The Taliban administration has released a set of restrictions on Afghan media, including banning television dramas that included female actors and ordering women news presenters to wear "Islamic hijab".
Afghanistan's Ministry of Vice and Virtue set out nine rules this week, a Taliban administration spokesman said on Tuesday, largely centred on banning any media that contravened "Islamic or Afghan values".
Some edicts were targeted specifically at women, a move likely to raise concerns among the international community.
"Those dramas...or programmes in which women have acted, should not be aired," the rules said, adding that female journalists on air should wear "Islamic hijab" without defining what that meant.
Though most women in Afghanistan wear headscarves in public, the Taliban's statements that women should wear "Islamic hijab" have often in the past worried women's rights activists who say the term is vague and could be interpreted conservatively.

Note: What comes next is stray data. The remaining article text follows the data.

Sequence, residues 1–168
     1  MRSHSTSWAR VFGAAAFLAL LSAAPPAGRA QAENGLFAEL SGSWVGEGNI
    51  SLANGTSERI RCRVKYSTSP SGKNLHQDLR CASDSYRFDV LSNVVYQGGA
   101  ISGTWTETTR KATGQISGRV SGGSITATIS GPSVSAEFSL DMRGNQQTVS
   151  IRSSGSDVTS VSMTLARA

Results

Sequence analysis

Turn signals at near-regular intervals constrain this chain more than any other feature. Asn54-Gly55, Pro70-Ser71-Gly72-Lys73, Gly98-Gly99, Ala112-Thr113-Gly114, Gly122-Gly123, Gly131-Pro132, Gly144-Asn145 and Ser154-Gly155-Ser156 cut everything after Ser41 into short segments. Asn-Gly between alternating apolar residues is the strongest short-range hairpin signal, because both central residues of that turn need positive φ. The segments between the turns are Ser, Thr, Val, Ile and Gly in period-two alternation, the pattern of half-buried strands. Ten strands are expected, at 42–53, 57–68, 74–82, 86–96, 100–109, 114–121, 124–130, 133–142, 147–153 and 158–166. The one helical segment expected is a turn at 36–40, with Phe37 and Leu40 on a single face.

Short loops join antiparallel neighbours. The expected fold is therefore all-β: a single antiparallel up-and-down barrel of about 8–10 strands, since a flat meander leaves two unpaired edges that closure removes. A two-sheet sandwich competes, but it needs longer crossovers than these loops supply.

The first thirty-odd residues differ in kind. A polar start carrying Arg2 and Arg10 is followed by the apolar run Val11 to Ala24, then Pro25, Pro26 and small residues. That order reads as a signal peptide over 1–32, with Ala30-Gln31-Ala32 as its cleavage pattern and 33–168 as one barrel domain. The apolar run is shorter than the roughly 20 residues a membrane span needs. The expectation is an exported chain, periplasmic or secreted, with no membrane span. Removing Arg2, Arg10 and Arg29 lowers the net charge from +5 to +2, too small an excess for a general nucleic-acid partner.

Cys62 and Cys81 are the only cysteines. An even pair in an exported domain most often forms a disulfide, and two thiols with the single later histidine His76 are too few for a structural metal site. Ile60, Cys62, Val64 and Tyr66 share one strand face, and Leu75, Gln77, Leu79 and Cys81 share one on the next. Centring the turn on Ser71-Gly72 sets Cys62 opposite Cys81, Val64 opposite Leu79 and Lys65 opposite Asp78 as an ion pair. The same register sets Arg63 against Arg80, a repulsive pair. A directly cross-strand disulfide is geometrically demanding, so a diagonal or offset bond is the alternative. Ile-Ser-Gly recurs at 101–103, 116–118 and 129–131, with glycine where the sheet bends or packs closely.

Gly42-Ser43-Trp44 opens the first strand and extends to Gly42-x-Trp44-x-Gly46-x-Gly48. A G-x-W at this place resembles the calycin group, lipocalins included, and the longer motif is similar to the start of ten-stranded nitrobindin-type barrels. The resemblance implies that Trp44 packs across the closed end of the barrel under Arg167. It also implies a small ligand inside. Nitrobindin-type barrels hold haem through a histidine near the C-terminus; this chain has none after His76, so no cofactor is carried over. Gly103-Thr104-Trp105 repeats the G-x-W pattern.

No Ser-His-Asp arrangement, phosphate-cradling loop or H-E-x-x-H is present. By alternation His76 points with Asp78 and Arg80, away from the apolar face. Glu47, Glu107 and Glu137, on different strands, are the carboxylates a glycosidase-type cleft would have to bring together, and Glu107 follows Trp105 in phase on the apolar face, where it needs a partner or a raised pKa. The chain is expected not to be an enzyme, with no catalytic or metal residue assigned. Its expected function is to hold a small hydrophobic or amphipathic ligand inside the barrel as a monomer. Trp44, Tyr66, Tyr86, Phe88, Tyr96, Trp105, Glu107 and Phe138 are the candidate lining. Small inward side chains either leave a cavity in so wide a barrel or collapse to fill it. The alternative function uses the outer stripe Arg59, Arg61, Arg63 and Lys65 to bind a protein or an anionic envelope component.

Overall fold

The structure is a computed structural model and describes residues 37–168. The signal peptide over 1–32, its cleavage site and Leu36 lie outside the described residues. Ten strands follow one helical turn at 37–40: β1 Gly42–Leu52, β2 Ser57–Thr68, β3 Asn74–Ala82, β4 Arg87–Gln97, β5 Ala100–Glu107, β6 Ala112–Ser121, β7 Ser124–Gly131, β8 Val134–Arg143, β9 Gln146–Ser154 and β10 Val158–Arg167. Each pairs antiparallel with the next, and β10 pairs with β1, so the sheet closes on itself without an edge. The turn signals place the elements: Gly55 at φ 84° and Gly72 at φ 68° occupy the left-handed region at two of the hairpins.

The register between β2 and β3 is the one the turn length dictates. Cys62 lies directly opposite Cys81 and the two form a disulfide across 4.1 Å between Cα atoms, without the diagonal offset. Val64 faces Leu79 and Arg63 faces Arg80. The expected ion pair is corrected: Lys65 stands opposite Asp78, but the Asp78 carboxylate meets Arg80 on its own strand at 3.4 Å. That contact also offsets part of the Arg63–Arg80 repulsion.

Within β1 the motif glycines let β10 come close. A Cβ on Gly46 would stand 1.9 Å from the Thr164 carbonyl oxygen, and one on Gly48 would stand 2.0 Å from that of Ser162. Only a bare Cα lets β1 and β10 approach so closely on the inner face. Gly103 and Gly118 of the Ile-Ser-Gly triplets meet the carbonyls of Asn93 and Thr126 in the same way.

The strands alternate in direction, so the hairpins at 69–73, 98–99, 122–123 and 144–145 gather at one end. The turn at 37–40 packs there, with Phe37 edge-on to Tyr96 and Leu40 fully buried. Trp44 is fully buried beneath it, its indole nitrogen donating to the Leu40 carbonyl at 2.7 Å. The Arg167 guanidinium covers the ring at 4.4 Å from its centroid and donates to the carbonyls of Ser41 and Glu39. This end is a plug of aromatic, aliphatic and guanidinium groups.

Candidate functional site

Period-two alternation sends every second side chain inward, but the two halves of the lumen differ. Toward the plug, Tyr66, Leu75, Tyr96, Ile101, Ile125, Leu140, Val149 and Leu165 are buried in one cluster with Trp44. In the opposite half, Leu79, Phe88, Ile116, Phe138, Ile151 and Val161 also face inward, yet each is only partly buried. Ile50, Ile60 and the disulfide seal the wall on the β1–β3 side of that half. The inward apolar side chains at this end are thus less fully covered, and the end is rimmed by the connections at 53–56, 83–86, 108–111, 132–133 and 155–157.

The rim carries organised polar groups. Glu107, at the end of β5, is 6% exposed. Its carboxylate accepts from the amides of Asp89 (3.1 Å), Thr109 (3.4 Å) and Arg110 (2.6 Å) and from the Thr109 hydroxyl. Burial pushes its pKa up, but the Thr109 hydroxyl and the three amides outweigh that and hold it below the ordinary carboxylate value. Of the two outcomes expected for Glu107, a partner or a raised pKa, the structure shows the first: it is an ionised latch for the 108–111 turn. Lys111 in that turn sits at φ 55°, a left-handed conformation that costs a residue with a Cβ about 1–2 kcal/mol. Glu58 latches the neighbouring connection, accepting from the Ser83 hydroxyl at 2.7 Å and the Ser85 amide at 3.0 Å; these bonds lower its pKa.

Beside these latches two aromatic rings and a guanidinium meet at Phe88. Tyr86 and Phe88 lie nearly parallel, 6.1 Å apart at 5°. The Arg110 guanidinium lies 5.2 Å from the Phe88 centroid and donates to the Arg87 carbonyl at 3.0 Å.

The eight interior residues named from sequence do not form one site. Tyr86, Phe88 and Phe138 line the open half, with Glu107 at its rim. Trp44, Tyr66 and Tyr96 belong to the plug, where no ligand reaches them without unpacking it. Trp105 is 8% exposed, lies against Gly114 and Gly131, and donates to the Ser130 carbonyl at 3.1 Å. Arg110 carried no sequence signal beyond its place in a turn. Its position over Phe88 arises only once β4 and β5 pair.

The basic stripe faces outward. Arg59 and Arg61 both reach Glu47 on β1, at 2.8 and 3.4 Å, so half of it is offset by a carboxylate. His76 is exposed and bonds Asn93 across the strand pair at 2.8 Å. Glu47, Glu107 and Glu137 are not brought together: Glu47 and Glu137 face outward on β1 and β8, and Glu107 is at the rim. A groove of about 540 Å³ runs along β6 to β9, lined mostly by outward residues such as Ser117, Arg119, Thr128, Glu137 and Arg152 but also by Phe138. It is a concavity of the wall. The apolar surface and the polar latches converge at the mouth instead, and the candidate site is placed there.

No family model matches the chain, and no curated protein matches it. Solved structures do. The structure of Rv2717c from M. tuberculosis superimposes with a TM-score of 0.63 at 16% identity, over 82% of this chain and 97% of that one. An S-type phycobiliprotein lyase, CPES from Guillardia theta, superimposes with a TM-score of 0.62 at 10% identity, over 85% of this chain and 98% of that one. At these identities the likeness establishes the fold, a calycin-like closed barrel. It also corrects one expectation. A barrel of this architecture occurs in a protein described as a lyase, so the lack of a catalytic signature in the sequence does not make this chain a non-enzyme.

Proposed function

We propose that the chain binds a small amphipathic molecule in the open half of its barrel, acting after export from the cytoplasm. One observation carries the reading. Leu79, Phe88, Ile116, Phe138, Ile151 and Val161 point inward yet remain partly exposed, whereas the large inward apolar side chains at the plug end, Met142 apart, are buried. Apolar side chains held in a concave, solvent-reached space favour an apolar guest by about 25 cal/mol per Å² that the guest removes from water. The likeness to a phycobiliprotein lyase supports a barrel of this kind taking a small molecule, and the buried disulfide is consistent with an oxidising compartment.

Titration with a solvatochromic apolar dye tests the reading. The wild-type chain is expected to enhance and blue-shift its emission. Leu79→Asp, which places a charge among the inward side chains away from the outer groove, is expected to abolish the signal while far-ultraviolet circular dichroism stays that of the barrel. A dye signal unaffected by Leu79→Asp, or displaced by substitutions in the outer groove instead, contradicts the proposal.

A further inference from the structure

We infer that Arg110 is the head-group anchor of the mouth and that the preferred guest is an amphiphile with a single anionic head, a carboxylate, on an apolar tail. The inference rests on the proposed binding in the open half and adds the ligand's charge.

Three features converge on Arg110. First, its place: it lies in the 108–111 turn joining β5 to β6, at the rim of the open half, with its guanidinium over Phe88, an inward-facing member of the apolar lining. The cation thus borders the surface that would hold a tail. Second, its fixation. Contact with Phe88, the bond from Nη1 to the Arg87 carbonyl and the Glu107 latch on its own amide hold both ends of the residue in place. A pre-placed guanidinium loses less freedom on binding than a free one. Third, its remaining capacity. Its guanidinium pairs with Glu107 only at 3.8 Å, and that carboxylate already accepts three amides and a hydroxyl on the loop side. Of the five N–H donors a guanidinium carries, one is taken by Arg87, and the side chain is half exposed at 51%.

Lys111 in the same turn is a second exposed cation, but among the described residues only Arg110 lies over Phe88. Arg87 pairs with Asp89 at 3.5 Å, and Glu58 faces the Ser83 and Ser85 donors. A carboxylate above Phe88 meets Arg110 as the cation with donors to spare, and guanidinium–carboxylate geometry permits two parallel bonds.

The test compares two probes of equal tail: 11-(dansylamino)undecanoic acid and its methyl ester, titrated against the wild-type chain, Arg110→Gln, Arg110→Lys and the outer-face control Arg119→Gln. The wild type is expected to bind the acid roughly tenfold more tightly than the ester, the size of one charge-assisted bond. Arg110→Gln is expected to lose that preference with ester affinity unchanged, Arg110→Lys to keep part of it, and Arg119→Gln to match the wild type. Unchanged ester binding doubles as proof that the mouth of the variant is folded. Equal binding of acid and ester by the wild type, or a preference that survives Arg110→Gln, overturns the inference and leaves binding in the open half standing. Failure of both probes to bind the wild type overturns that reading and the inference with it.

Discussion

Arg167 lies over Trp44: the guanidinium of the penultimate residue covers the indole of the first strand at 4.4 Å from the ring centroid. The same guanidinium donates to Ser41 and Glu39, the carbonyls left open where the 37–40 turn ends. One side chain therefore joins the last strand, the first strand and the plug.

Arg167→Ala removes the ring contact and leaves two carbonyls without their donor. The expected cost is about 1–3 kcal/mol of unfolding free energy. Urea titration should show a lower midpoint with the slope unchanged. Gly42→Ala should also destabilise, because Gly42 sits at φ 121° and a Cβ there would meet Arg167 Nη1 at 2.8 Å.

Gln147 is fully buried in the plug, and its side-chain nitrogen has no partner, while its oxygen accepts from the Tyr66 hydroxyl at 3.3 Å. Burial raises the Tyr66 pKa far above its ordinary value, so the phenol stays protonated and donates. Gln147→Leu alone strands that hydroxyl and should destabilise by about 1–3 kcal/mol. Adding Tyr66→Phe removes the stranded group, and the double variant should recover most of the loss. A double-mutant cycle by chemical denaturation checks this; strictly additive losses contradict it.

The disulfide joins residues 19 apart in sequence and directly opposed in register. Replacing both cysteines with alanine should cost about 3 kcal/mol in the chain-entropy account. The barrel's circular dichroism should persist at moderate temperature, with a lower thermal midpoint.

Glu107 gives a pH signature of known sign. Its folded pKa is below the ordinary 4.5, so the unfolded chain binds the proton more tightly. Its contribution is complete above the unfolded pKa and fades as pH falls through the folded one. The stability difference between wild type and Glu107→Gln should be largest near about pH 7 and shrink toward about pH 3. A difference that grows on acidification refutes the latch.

The rules drew criticism from international rights watchdog Human Rights Watch (HRW), which said media freedom was deteriorating in the country.
"The disappearance of any space for dissent and worsening restrictions for women in the media and arts is devastating," said Patricia Gossman, associate Asia director at HRW, in a statement.
Though Taliban officials have sought to sought to publicly assure women and the international community that women's rights will be protected since they took over Afghanistan on Aug. 15, many advocates and women have remained skeptical.
During the Taliban's previous rule, strict curbs were placed on women's ability to leave the house, unless accompanied by a male relative, or to receive education.